Three decades before Ben Affleck's "Argo," a Canadian TV film that also aired on CBS told the story of the rescue of six Americans that were being safeguarded at the Canadian embassy from capture.
The big difference? The film lacked the component that made "Argo" "Argo" — that is, the involvement of Tony Mendez, the CIA and Hollywood. On the other hand, it did show the captives getting drunk, as you can see in the clip above.
Lamont Johnson directed 1981's "Escape from Iran: The Canadian Caper" from a script by Lionel Chetwynd (story by Chetwynd and Stanley Rubin). Gordon Pinsent ("Away From Her") played Ambassador Ken Taylor, the role portrayed by Victor Garber in "Argo."It aired on CBS less than 18 months after the rescue.
And that film itself was preceded by a documentary, "Escape from Iran: The Inside Story." Les Harris, a producer on the scripted film, was behind that doc as well.
Generally speaking, the Canadian efforts get more credit for accuracy — aside from not having any of the details of the fake "Argo" movie that was concocted to aid the rescue.
“When I interviewed the hostages,” Harris said (to the National Post) as the Toronto International Film Festival was getting underway, “they told me the escape plot involved them pretending to be part of a business group doing research in Iran — what they didn’t tell me was that it was for a fake movie called Argo.” So he had to make up the specific nature of their business. “That’s the only aspect of my film that’s factually wrong. It wasn’t until 1999, when the CIA officer in charge of the whole operation wrote a memoir and revealed all of the details that I got the real story.”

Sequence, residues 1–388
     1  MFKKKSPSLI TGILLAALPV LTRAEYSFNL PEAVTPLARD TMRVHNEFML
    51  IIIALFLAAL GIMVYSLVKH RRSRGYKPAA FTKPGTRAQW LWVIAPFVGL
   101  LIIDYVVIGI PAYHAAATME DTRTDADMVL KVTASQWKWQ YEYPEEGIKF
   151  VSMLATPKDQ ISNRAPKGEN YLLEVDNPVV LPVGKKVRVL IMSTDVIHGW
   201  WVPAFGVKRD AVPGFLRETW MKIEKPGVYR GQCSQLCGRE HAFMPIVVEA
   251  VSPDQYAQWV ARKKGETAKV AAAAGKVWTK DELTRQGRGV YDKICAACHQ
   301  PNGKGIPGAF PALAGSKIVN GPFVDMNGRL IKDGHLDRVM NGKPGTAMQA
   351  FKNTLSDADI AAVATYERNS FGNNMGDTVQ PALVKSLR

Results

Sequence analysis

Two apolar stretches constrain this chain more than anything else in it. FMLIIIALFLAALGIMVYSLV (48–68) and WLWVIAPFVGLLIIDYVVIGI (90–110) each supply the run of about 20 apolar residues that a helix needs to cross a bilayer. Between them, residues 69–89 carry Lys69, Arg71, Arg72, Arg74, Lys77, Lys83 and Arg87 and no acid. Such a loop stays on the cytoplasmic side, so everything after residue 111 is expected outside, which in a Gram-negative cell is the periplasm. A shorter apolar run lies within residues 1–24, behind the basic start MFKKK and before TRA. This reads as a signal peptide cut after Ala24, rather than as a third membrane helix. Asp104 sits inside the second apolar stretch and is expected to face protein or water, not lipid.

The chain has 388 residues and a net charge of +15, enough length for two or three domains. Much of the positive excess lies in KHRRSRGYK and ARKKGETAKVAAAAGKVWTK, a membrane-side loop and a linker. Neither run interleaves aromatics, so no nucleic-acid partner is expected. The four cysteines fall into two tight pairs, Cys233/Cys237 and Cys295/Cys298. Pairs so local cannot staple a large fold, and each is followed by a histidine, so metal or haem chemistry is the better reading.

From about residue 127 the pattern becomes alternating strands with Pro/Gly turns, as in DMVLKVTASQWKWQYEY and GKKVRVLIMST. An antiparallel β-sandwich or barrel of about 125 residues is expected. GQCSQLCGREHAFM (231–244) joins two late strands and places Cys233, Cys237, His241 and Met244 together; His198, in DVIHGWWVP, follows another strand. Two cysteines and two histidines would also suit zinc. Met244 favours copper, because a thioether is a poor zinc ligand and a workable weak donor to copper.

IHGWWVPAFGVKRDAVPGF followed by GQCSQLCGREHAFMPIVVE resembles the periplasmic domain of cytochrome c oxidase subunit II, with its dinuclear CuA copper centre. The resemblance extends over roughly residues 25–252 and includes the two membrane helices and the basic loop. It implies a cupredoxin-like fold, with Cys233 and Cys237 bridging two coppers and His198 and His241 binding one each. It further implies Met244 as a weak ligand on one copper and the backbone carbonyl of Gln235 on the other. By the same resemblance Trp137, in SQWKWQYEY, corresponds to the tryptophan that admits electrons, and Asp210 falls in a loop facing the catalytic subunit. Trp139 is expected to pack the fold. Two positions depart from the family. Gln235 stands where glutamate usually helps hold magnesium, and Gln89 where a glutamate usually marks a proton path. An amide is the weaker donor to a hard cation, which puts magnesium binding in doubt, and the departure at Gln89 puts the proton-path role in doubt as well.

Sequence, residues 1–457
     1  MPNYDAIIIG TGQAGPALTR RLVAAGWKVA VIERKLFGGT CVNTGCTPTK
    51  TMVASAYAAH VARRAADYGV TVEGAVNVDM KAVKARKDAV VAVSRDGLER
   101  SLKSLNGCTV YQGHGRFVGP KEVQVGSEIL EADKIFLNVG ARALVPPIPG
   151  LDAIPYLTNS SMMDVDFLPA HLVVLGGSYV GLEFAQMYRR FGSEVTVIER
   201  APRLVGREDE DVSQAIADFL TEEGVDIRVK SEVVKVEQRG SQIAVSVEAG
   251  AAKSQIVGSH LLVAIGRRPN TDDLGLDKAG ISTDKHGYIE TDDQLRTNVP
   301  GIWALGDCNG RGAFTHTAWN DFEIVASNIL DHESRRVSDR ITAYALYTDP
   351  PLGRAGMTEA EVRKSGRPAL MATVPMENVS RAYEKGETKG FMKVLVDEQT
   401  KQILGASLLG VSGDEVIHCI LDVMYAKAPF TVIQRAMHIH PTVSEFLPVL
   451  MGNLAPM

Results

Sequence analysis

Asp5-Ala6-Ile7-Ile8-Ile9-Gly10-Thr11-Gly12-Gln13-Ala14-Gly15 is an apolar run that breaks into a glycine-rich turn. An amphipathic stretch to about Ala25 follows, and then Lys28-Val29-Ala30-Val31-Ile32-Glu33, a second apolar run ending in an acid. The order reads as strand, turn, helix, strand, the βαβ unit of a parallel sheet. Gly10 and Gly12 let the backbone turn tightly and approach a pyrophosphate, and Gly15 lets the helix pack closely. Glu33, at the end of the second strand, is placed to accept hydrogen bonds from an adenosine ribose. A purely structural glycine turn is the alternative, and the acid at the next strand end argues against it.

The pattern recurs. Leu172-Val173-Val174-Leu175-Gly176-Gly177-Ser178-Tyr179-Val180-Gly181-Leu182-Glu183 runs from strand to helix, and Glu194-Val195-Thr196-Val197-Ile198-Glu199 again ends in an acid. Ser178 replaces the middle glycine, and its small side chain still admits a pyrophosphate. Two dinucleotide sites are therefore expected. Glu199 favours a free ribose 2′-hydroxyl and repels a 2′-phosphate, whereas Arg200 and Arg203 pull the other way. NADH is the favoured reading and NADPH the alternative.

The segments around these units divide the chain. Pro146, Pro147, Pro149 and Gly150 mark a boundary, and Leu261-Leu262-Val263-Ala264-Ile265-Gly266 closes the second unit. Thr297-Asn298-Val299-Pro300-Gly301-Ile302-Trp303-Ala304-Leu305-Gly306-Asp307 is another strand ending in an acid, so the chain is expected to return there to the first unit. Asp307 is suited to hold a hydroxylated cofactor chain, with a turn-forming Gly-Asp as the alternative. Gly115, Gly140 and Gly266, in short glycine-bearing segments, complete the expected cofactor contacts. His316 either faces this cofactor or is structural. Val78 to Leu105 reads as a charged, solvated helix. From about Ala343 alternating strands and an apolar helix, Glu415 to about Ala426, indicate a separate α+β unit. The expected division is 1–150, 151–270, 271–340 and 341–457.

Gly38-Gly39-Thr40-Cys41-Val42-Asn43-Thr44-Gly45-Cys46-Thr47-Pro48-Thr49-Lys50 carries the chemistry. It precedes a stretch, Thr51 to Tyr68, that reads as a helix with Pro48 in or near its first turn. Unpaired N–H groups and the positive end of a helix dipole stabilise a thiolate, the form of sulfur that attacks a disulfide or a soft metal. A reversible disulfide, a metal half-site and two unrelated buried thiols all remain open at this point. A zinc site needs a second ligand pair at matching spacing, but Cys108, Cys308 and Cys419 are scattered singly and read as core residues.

On the other hand, the Variety review of "Canadian Caper," discusses storytelling deficiencies, not the least of which is the need to make the ending more dramatic — something that "Argo" screenwriter Chris Terrio certainly succeded at.
... a detailed logistical account of the rescue may have been avoided because those events were in fact fairly mundane.
They resulted in an unsatisfying climax — the Americans simply answered a few questions at the airport and boarded their plane out of Iran.
Ordinariness of the conclusion was compounded by a series of quick cuts from scene to scene that robbed viewers of a well-defined struggle to the goal of freedom, and gave them only a few suspenseful snatches of that journey. ...
Earlier, Variety also had a brief review of the Harris documentary:
"Escape From Iran," a documentary reconstruction of how Canadian Embassy staff in Tehran smuggled six Americans out of Iran, was timely and gripping fare. Producer Les Harris recreated the story well, with commentary by all concerned and excellent camera work by Vic Sarin and others who filmed key location once they were all safe at home. It was a story that needed telling and Harris and his team did it well.
In mid-1981, CAA ran an ad in Variety that showcased "Escape From Iran: The Canadian Caper," a nice if unwitting bookend to the "Argo" ad that ran the previous year.